A study shows that pretending to be immobile — sometimes for an hour or more — helps larvae of an insects called antlions outlast hungry predators.
But everything is relative. To their own predators, antlion larvae are simply little snacks. And a colony’s cunning traps, grouped together and quite visible in the sand, are like flashing “DRIVE-THRU” signs.
Rather than muster an active defense, the larvae have weaponized passivity — responding to provocation by lying totally still, for unpredictable intervals of time that can range from seconds to over an hour.
The researchers took out their stopwatches. Under their gaze, one larva remained motionless for 61 minutes. “Watching paint dry would have been fun by comparison,” Dr. Franks said. “But it was so incredibly impressive.”
But with some creatures like antlion larvae — eaten by animals, like birds, that are attuned to movement — the key may not be fake putridity, but stillness, said Dr. Franks, who for this reason prefers the term “post-contact immobility.” Perhaps they’re not playing dead, but hiding in plain sight.
Such fickleness could be part of the survival strategy. If the downtime of a given antlion larva was predictable, predators “could perhaps learn some patterns,” Dr. Sendova-Franks said. But if there is no pattern — and more food is nearby — a predator might just move on, like someone with a full bag of Lays who accidentally drops a single chip into the couch.
If a simulated larva is dropped, it stays immobile for a variable amount of time, informed by the researchers’ real observations. The bird waits for a spell, and if the antlion doesn’t budge, it abandons the bug to seek a meal that is still moving.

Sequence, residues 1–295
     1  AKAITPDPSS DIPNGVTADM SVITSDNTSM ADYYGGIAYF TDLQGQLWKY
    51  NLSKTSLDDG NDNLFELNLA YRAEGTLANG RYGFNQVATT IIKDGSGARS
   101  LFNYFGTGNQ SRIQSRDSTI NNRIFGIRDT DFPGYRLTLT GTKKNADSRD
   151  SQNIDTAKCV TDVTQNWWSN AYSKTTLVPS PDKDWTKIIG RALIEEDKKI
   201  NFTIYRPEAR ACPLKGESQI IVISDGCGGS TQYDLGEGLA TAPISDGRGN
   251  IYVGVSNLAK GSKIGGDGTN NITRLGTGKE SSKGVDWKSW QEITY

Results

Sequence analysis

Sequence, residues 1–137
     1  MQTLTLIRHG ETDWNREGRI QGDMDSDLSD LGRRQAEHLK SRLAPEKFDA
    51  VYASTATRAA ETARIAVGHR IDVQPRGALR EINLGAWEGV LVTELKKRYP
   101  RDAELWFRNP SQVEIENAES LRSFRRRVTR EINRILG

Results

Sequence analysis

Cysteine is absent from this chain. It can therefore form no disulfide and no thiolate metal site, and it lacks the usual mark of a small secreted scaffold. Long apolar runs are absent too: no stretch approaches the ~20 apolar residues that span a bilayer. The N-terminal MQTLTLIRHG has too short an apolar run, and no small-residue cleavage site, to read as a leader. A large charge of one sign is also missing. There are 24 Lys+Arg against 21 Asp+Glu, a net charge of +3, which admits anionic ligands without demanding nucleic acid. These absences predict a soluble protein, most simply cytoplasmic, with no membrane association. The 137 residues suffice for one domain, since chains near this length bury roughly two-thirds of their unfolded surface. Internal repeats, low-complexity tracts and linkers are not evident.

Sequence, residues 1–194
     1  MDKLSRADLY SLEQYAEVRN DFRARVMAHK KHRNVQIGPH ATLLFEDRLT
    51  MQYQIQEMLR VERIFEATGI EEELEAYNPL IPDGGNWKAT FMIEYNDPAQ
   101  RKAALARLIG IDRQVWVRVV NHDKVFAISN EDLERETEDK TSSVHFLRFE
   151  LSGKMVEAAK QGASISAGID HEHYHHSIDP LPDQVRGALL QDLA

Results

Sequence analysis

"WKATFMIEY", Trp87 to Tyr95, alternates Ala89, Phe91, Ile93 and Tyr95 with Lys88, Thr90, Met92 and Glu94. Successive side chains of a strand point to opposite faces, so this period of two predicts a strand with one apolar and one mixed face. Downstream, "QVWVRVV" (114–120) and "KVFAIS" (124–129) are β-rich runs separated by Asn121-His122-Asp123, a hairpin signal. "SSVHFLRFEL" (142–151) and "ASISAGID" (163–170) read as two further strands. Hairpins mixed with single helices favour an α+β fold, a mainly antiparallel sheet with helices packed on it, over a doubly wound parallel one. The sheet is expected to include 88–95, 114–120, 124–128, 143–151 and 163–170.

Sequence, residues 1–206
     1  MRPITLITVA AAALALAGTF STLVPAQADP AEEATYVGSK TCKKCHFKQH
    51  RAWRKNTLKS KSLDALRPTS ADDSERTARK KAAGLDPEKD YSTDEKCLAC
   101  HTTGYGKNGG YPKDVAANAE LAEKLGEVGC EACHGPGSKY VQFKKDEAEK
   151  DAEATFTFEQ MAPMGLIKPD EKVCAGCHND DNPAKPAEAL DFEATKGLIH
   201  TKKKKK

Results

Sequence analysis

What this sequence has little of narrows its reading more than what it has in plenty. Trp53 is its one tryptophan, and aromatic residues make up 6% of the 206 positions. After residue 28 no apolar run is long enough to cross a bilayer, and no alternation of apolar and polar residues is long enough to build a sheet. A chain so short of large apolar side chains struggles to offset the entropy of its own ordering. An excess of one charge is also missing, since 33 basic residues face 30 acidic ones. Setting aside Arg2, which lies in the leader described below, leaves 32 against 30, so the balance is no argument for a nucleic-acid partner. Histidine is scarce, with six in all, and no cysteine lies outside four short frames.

After running the simulation thousands of times, the researchers found that “playing possum” indeed helped the antlions: It increased the survival rate in a given patch by about 20 percent.
And although reducing the lengths of the larva’s immobility spells in the model lowered survival rates appreciably, increasing them had hardly any effect — suggesting that the antlions have taken their strategy “to an absolute extreme,” Dr. Franks said. “Which is kind of cute, I think.”
This model will allow researchers to compare the benefits of playing possum among different species and populations, helping scientists understand the behavior’s efficacy and how it evolved, said Kennan Oyen, a postdoctoral fellow at the University of Cincinnati who was not involved in this work.
The next step is to “confirm in the field some key assumptions of the model,” including that immobility actually helps keep the antlions from being detected by predators, said Alejandro G. Farji-Brener, a professor of ecology at the National University of Comahue in Argentina.
The antlions remain formidable opponents to all who surround them on the food chain.
“Playing dead is such a great way of wasting the predator’s time,” Dr. Franks said. “It changes the game.”
Source: New York Times